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A Guide to the Dutch National Anthem: Het Wilhelmus


Have you ever heard Het Wilhelmus, the Dutch national anthem? It’s one of the oldest anthems in existence, and therefore the lyrics are not always easy to understand, full of old-fashioned words and unusual turns of phrases. It’s an anthem of fifteen verses, but mainly the first (and sometimes also the sixth) verse is sung. However, because of the old nature of the Dutch anthem, not all Dutch know the words or understand the meaning. Why is the Spanish king mentioned in the Dutch national anthem? And what about that mention of German blood? 

As you can see, the Dutch anthem is not free of controversy, and some people even say that it should be changed. However, although the Dutch don’t sing their national anthem very often, when they sing it on special occasions, everybody will sing along, even those that don’t know all the words, as you can always mumble or hum along.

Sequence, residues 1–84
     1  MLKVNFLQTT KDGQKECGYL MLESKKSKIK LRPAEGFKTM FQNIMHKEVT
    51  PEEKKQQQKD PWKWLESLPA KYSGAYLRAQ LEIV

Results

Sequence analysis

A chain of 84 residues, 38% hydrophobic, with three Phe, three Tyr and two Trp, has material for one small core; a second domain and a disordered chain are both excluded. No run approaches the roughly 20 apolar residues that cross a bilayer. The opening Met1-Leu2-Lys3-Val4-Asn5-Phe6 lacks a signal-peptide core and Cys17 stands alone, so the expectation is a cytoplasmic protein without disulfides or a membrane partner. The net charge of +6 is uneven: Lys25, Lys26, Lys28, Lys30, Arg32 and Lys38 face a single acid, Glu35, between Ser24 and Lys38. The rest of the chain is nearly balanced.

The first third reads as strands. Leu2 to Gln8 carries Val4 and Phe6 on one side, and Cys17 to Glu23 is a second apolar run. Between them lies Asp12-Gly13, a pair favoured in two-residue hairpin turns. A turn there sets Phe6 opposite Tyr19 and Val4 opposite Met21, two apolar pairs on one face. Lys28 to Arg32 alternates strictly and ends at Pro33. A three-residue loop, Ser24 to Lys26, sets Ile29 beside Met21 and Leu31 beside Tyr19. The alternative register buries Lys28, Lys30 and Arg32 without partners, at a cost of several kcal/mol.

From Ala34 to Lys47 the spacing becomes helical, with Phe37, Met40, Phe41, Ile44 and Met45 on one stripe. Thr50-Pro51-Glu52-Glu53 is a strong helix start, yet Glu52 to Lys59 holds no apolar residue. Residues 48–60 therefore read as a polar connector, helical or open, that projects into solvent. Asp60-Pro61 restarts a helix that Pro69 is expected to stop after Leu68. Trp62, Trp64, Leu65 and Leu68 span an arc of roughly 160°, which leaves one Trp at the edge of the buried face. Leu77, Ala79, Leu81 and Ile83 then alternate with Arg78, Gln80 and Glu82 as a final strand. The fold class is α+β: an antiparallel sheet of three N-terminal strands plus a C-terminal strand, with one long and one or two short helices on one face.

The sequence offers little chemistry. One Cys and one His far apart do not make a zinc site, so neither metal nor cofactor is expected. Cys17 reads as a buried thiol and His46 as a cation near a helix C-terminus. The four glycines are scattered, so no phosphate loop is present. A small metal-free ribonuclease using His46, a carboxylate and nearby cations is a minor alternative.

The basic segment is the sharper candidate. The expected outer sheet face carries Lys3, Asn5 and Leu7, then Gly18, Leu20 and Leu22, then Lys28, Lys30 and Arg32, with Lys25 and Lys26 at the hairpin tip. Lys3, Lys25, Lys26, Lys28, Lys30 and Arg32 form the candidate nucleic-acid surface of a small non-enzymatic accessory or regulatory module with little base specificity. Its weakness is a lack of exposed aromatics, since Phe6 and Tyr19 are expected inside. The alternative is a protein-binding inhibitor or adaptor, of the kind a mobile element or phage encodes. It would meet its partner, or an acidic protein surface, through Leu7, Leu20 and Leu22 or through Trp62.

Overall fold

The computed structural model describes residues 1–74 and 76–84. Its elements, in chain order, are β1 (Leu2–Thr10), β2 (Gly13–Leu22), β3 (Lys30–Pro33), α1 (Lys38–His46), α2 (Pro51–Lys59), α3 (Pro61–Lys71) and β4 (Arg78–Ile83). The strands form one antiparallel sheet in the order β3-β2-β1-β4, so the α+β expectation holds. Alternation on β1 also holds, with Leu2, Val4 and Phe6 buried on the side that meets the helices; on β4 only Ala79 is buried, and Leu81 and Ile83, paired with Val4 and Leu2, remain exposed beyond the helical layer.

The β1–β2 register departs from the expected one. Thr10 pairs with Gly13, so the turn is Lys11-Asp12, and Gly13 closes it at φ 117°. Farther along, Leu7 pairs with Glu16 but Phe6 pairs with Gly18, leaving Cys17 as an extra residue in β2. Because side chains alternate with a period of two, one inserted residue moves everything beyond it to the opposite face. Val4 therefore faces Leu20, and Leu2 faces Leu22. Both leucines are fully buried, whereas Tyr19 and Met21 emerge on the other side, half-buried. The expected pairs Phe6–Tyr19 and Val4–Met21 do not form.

In this article, we will first show you the history of the Dutch national anthem. We’ll then talk about its lyrics, the meaning of the Dutch anthem, and the criticisms it has received.

A Hand Holding the Dutch Flag

Log in to Download Your Free Cheat Sheet - Beginner Vocabulary in Dutch Table of Contents
  1. The History
  2. Explaining the Lyrics of Het Wilhelmus
  3. When is it Played?
  4. Should the Netherlands Find a New National Anthem?
  5. How DutchPod101 Can Help You Learn More Dutch

1. The History

Before we have a look at the lyrics of the Dutch national anthem, it might come in handy to first learn more about its history. This way you will be able to understand better what it’s all about.